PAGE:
Some companies have already made the decision that no matter what, they are going to go with a certain vendor. Typically, this vendor is their ERP provider who has recently acquired far stronger performance products than it had in the past. This may be the right decision from both a data integration standpoint and an add-on pricing perspective. However, there are still two key reasons to go through a vendor validation process. The first is that while the decision may have been made, it is still valuable to understand where the product falls short of meeting your requirements. This knowledge will probably not stop you from buying the product (although if it falls far short, you may want to consider stepping back from your decision). The real point of this knowledge is to enable you to start filling in the gaps and setting the right expectations. For example, if you discover the product doesn’t handle intercompany eliminations to your liking, you may want to start developing an in-house alternative and let the intercompany junkies in accounting know that your purchase of this the product is not intended to meet their needs.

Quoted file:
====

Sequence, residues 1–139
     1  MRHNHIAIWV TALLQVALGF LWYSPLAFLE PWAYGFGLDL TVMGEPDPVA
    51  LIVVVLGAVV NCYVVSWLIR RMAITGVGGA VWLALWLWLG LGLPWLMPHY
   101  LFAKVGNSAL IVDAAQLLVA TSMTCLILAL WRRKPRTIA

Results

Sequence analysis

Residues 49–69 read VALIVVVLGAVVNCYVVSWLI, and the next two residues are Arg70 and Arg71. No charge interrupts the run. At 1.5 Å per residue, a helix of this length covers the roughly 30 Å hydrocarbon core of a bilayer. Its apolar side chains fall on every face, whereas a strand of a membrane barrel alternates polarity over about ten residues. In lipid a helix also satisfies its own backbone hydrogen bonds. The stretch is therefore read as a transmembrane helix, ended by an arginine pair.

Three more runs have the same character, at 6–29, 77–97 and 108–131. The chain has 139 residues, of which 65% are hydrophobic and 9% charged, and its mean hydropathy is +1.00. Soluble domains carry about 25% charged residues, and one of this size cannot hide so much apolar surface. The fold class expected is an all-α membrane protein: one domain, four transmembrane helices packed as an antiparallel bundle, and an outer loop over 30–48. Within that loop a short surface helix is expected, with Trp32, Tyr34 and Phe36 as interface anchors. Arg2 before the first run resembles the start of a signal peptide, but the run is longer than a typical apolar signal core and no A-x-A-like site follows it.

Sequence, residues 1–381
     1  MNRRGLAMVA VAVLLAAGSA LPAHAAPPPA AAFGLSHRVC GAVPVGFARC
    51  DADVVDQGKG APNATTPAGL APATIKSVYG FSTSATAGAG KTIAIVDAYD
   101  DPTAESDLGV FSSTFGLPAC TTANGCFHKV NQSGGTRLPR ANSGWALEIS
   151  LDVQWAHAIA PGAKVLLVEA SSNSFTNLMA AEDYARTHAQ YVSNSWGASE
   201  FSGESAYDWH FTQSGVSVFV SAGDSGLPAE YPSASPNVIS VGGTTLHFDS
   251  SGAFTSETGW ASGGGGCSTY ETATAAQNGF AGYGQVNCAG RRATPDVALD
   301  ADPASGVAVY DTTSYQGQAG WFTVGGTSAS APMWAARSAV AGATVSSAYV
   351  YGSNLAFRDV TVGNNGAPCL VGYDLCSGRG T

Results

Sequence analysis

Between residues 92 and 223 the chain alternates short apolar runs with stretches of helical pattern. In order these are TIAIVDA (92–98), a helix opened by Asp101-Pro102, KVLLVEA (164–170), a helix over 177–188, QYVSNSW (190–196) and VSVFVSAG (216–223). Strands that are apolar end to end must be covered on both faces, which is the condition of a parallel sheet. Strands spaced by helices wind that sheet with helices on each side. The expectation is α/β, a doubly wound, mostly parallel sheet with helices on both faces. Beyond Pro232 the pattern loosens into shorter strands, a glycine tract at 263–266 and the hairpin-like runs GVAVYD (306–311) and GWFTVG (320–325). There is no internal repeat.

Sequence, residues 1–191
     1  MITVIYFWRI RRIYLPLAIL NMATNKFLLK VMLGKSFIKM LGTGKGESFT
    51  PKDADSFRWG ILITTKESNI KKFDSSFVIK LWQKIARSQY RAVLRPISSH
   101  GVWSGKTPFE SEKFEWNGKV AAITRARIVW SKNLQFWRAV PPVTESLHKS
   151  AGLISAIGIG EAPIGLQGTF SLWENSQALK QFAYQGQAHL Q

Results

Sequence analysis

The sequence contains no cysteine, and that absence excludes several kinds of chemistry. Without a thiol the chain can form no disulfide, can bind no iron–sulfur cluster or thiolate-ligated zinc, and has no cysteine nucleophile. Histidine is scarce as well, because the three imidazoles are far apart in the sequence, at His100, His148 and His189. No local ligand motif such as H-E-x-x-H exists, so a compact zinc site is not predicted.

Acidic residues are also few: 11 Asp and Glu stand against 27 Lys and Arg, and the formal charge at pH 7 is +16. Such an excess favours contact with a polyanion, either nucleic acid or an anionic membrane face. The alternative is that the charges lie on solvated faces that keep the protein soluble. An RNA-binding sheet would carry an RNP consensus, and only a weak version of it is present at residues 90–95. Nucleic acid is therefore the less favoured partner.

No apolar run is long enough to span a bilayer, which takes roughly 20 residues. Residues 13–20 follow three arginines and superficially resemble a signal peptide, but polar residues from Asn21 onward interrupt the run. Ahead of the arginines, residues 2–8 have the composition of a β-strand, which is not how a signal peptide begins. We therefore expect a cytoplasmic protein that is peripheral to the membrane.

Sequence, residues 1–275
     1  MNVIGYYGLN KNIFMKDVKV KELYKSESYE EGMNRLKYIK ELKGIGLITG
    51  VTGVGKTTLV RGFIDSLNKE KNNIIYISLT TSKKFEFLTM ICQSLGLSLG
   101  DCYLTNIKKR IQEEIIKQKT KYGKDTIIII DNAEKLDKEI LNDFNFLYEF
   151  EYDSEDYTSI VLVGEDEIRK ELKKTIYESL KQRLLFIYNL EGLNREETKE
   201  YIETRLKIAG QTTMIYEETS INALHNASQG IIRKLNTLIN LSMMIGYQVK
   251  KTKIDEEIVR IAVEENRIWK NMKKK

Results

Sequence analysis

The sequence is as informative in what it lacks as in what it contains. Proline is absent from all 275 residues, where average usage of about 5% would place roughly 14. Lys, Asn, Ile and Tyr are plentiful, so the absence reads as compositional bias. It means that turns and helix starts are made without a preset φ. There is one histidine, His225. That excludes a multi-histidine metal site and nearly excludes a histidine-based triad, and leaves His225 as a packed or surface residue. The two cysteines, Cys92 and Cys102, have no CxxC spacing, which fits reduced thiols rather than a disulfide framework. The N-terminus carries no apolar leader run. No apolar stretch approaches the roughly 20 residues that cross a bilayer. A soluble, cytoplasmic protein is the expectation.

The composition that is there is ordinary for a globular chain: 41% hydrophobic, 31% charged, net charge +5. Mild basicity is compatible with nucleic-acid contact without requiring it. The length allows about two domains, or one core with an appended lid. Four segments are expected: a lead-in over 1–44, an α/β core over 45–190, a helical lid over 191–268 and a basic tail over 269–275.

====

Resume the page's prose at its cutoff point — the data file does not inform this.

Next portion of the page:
The other important reason to go through a vendor validation process is to obtain user buy-in. Lack of buy-in, and therefore lack of use, is a common failure scenario for BPM systems. If the product purchase is seen by the masses as a CIO or CFO dictate, then some will question this unilateral decision and look to find fault. On the other hand, if a committee is formed with the key stakeholders involved in the analysis and decision process, they will come out of this with an understanding of why this product was selected and a feeling of ownership in the decision. All of this will be communicated back to their constituents, resulting in greater acceptance of the new system throughout the company. If the requirements are properly defined and prioritized by the CIO and CFO up front, it is unlikely that this committee will do anything other than endorse the proposed solution.

Just because there are bigger and better solutions available in the BPM world today does not mean that we should forget the basics of technology product selection. We still need to develop detailed requirements, identify vendors that appear to meet those requirements and do a deep dive to see which one is the best fit. Big Three or not, you can still make the wrong BPM purchase decision, and it will be a costly and highly visible mistake.